How to treat compulsive thinking

Compulsive thinking creates thought patterns that are life draining. Learn a few simple steps to change compulsive thinking here. And ask your questions about how to change thought patterns at the end.

minute read

The Silent Addict

It’s not surprising that we all identify addiction with someone who is addicted to cocaine, pills, marijuana, alcohol, heroin and food. The manifestation of those addictions are obvious.

As a former addict, I wore my addiction to cocaine almost like a badge of honor. Anyone could tell by looking at my dried out dirty hair, unkempt clothes, emaciated body and war-ravaged life that something was very wrong. And my addiction to food was pretty clear as well when my body would balloon up and down the scale like a yoyo, and I’d hear my friends exclaim every time they saw me “Wow, you’ve lost weight,” or avert their eyes altogether from my expanding waist line. I can’t even begin to tell you how many times I missed a day of work or wanted to kill anyone who spoke to me because of my massive sugar hangovers.

But what about those silent addictions that go unnoticed because your life hasn’t fallen apart, and your dependent behavior is not showing up on your waistline? There are so many people in this world that want to stick their head in the oven because of their addiction to procrastination, worry/fear and a plethora of other emotional disorders. Other than the admonition of “Get your act together,” there’s no treatment for these dependent behaviors and addictions because they’re not viewed the same way as other dependent behaviors.

Addiction is when you have lost the power to choose whether or not you will act in a certain way. How many times have you said to yourself, “I’m going to get organized today – I’m going to start that project – I’m not going to call that person who has broken off their relationship with me – I’m not going to be in fear and worry – I’m not going to watch porn,” and the list goes on ad infinitum – but found you had absolutely no control over your actions?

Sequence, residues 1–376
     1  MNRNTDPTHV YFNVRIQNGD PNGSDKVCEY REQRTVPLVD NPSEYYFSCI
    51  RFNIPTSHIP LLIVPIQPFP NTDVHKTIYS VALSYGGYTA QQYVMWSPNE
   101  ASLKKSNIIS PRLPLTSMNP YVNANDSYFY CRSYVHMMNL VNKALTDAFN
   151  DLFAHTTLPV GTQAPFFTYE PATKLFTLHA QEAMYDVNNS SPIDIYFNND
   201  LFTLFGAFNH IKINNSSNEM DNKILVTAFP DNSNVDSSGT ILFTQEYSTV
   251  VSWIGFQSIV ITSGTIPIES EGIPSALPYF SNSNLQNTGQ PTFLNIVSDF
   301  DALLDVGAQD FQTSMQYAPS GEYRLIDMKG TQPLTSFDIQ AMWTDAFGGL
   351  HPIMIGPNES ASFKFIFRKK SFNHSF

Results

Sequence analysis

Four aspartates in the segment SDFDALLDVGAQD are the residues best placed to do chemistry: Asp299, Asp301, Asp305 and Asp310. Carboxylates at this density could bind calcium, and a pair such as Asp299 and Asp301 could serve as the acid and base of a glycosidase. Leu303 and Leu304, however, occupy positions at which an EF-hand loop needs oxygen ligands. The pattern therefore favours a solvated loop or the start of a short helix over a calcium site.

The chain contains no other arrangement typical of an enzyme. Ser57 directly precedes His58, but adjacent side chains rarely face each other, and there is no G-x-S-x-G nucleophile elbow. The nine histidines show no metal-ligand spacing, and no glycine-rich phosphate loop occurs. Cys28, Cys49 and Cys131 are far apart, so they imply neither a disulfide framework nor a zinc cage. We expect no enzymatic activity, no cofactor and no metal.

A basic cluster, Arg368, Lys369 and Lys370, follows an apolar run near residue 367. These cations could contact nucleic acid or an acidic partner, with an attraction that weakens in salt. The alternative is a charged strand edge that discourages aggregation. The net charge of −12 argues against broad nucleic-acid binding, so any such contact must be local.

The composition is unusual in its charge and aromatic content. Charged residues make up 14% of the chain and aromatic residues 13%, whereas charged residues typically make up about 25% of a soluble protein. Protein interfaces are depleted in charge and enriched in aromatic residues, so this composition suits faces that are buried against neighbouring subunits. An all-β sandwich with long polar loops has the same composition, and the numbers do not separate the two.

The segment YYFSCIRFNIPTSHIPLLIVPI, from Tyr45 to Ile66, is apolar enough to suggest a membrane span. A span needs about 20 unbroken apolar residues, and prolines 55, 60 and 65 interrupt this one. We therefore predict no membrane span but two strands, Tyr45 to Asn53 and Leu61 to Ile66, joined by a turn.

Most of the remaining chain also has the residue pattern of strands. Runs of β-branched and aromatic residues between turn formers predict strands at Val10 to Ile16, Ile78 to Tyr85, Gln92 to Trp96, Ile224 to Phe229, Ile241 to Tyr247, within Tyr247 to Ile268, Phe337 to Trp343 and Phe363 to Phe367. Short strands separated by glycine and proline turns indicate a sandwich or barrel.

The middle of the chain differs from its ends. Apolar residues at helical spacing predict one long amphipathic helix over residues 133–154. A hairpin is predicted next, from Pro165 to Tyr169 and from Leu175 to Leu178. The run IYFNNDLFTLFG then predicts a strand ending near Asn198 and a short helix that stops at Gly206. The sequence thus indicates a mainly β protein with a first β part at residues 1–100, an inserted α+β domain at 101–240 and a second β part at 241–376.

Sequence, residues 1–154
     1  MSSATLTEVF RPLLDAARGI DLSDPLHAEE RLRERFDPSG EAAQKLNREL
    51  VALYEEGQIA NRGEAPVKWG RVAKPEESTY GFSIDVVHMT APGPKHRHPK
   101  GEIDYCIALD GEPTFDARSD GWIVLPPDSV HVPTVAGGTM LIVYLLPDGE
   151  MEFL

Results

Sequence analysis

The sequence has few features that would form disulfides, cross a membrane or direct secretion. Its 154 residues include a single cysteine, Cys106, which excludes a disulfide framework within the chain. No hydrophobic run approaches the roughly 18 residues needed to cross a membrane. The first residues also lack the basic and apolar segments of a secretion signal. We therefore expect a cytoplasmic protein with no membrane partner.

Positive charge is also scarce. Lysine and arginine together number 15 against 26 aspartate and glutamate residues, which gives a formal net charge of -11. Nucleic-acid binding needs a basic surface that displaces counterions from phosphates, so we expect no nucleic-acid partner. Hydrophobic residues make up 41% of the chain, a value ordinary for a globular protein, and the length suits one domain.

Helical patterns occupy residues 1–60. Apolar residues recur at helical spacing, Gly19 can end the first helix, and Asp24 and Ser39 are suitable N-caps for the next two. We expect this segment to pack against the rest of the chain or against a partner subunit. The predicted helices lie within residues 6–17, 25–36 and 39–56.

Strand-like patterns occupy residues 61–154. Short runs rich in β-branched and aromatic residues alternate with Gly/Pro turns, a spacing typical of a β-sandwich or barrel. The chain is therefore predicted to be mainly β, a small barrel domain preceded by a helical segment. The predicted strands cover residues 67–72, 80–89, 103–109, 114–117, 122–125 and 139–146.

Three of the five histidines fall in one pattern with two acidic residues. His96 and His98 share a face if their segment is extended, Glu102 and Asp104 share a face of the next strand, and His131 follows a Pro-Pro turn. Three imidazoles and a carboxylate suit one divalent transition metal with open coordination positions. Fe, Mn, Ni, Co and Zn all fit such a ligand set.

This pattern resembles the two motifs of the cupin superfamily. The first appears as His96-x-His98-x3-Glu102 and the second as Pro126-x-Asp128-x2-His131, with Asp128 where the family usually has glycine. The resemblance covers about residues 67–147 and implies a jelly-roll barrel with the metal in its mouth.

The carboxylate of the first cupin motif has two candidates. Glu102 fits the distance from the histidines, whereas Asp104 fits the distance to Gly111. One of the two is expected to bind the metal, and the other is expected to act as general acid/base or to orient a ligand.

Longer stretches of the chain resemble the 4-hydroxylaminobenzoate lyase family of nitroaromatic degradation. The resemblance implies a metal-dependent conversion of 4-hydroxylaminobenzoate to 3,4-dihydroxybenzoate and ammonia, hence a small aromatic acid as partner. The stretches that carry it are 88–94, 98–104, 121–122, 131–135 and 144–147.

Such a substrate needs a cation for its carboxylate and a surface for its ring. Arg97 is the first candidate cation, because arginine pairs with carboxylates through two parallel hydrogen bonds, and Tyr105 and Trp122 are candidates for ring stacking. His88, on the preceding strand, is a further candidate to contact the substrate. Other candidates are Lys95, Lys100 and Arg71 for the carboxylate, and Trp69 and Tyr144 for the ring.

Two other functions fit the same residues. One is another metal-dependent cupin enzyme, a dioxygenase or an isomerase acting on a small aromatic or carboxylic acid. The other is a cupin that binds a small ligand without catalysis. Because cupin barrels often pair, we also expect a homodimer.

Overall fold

These addictions and dependent reactions are just as deadly and life-draining as being addicted to any substance, and yes – there is a solution beyond “get your act together.” If you had the power to get your act together on your own, you would have done it a long time ago.

12 Steps For The Rest Of Us are a set of principles that reconnect us to our wholeness. The “Truth” of us with a capital “T,” that has been lost and buried under the illusion of unworthiness, shame, abandonment, rejection and so many other root chakra core wounds. Getting beyond why secrets keep us sick, we reconnect to our true selves. It is through the reconnecting to our wholeness, that dysfunctional ways of being can start to diminish and eventually heal.

Below are five of the 12 Steps For The Rest of Us:

1. Ask yourself, who would I be if I didn’t feel unworthy and inadequate? Who would I be if I weren’t afraid of failure?

Example: I would be energized and on fire. I would be excited and productive. I would be more loving and available.

2. Imagine reconnecting to your sense of wholeness. You can call it God, Spirit, Universe or just love.

3. Surrender your fears and judgments about yourself to the power greater than yourself.

4. Do one or two things differently today than you did yesterday. Try and abstain from an unhealthy habit for a couple of hours, then half a day, then try the entire day.

5. Give thanks that you are growing, changing and expanding into the magnificence you were created to be.

About the author
Ester Nicholson, renowned vocalist for Bette Midler and Rod Stewart, author, teacher, speaker and former addict uses her own astonishing story as the core of her powerful teaching, book and new Hay House Radio Show: Soul Recovery - 12 Keys to Healing Addiction and 12 Steps for the Rest of Us. Please visit: for more information.
I am ready to call
i Who Answers?